This past weekend my friend Tyler and I hosted a pig roast, this is an annual tradition and the fourth time we've roasted one. Many guests ask us how we do it, so here's how and things we've learned along the way.
- Order the pig well in advance, most butchers will need 2-3 weeks to get one in. In years past we have ordered from a farm out in MD which we've driven out to and collected - it's nice to see where the pig came from - we like to know that the pig was a free roaming happy pig. This year we were pressed for time so we ordered from Harvey's in Union Market, but they were still able to tell us a little bit about the pig and the farm they got it from (Eastern Shore.) The last pig we roasted was close to 120lbs, this was too big and took too long. It also wasn't great either, too fatty, which is due to its larger size and age. Younger pigs have less fat so it melts off easier and quicker. Also, the larger the pig the more strain on the spit-motor. Most spit rentals have a weight limit, you don't want it breaking down on you - it happened to us with the 120lb pig. This year we ultimately ended up with a 71lb pig, smaller than we had wanted so we supplemented with a 12lb pig butt.
- Recruit your friends, you can't do this alone. Nor would you want to. You'll need people to help you babysit the pig while it's on the spit, depending on the size it'll need up to 12hrs to cook. You'll have lots to do, whether it be sleep, running errands or picking up ice. Your friends can make sure there's enough coal on the roaster and the spit keeps turning. In return, you're feeding them pig, it's a win win.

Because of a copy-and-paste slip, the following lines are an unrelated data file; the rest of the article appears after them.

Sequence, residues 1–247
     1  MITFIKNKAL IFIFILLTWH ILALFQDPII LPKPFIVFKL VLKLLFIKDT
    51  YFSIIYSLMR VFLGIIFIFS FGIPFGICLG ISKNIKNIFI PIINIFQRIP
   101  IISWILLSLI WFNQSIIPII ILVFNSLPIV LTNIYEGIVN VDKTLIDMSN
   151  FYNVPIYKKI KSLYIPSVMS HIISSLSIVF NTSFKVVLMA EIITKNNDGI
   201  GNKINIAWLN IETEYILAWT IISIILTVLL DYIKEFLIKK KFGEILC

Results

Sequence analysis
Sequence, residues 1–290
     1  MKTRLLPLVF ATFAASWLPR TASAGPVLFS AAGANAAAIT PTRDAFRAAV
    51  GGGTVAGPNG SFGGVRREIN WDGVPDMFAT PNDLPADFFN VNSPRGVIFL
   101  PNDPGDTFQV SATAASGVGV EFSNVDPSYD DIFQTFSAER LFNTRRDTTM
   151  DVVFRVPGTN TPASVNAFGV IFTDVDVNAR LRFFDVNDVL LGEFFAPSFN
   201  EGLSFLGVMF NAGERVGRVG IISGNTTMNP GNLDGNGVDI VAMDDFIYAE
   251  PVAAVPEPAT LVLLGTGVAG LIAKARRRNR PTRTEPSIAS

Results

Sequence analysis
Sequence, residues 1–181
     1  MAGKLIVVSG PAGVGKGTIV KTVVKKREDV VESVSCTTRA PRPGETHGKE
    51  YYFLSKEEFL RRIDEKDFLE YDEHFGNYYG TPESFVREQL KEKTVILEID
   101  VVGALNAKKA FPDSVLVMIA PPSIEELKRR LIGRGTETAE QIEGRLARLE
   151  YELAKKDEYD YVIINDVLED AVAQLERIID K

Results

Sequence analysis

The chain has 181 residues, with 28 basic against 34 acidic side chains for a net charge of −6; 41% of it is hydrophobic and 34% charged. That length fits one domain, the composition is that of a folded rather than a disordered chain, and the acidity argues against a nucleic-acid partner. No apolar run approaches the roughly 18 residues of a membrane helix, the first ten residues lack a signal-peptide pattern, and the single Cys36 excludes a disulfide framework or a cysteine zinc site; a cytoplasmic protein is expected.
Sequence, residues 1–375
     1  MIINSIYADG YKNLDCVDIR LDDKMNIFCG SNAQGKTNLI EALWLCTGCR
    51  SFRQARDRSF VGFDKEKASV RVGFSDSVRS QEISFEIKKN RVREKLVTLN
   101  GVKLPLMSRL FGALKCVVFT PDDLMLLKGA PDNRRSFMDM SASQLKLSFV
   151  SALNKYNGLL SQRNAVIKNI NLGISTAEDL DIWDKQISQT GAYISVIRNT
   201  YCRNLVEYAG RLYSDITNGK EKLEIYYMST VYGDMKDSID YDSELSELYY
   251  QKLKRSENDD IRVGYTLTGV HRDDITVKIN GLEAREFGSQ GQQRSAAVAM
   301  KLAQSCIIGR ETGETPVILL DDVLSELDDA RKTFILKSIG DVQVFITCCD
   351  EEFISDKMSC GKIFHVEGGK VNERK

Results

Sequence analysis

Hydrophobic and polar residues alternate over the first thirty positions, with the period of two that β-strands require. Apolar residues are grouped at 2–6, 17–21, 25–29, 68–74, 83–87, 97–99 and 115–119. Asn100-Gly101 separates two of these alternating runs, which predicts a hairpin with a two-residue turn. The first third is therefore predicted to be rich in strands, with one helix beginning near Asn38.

- Speaking of timing: we started at 6am, and took it off the spit around 4pm. Give yourself plenty of time to get the coals going and skewering the pig on the spit, it's not as easy as you'd think. You'll need a good hammer and the stomach to get your hands inside the pig to feed the spit through the carcass so it comes out the other end the way you want it. You'll also need strong wire to secure the pig, it will shrink during the roasting process, losing fat and water so you'll need to tighten the wire as it cooks.
- Make sure you have enough coal, you'll want about 8-10lbs per 10lbs of pig. Start off with at least a full bag, get them hot and pushed to the side. Cook the pig on indirect heat until the last 30-60 minutes. Oh, and be sure to have water on hand - safety first!
- Season the pig with lots of salt and pepper, and then more salt. You'll also want to spray it down with a vinegar mister throughout the roasting, we used:
- 1 Gallon Apple Cider Vinegar
- 1qt Worcestershire Sauce
- 10oz Lemon Juice
- For the final 30-60 minutes you'll want the coals to be directly under the pig and very hot, this is when the skin will get crispy. Once you've done this you'll remove the pig and let it rest for about a half hour before you start to carve it up.
- You have two options to serve, you can do a traditional pig picking in which you carve it up and let people come and fill their plates or you can carve and chop it up yourself and serve in roasters. We opted for the latter.
- The pig is hot. Make sure you have good heat-proof gloves. My finger tips can't stress this enough.
- Finally, have a name for your pig. It's tradition. In years past we've named her #Petunia, #AmandaSwines and #LindsayLoham. This year in honor of the Supreme Court's marriage ruling we went with #RuthBaconGinsburg.
I hope this helps, if you have any questions on roasting a pig leave them in the comments.